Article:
22/04/2017 in Highland Wildlife Park
(Female Amur leopard, Arina by Jan Morse)
Keepers at RZSS Highland Wildlife Park are excited to unveil the work they have been doing behind the scenes to help the rarest big cat in the world, the Amur leopard, in time for Earth Day on the 22nd April. Construction recently finished on a very large facility that encloses a wonderful portion of natural Highland habitat that despite its high profile inhabitants, will not be on show to visitors.
Douglas Richardson, Head of Living Collections, RZSS Highland Wildlife Park said:
“Earth Day is about celebrating environmental protection and conservation. At RZSS we have some very exciting conservation projects which are challenging traditional perceptions of zoos. Most zoos today exhibit animals which are threatened species, whose zoo populations are maintained as part of a wider conservation effort. At RZSS Highland Wildlife Park, we are going one step further.
“A specially designed, off-show, breeding complex for Amur leopard is now complete and it was made possible due to a very generous anonymous donation. As the Park has large, undeveloped areas, it gave us the opportunity to build an extensive leopard facility that would allow us to produce and rear cubs that were not familiar with humans, making them directly eligible for the Russian reintroduction project.”
(Amur leopard enclosure at Highland Wildlife Park by Douglas Richardson)
RZSS Highland Wildlife Park focuses on cold weather adapted species and has had notable breeding success with a range of threatened carnivores and the addition of Amur leopards intends to build on that success. The male, Freddo, was born in Tallinn Zoo in Estonia and the female, Arina, was born at Twycross Zoo in the Midlands; both were born in 2014.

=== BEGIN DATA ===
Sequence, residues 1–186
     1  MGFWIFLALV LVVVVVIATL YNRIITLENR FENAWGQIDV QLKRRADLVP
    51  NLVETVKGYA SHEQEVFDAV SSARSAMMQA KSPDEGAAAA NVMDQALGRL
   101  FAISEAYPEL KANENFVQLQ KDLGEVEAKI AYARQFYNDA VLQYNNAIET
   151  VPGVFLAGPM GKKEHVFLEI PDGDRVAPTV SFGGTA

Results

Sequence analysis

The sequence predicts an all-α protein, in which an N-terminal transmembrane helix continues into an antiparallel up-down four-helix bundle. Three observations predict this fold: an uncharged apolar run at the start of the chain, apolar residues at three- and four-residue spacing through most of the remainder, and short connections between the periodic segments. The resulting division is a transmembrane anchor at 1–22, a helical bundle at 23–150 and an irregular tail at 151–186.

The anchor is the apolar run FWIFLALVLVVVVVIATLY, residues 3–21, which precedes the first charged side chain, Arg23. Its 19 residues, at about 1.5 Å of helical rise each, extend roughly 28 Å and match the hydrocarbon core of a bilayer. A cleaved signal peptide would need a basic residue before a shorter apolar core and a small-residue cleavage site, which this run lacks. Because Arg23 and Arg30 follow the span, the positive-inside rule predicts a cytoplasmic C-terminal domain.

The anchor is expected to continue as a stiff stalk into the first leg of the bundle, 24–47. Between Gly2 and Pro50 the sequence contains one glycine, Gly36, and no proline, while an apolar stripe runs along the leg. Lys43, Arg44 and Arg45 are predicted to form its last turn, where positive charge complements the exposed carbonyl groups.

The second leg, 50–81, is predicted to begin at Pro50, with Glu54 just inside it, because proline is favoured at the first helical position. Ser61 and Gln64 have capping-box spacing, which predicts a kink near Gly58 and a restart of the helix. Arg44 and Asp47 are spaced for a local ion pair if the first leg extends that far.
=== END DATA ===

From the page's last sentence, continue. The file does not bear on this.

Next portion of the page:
“If our leopards produce and rear cubs this year, we could be in a position to return cats to Russia by mid to late 2018, which is very exciting as our approach will dramatically abbreviate the reintroduction process. Our Amur leopards will never be on show to our visitors but we hope to create an information hub that will explain all about this exciting conservation project and hopefully educate people about the plight of these animals.”
(Male Amur leopard, Freddo by Jan Morse)
Although now better protected, the population of Amur leopards is less than 70 remaining in the wild. Classed as Critically Endangered on the IUCN Red List they had been illegally hunted for their coat and other body parts for the traditional medicine trade. The proposed release site is now completely devoid of leopards and so the reintroduction project hopes to return the leopard to this part of their historical range.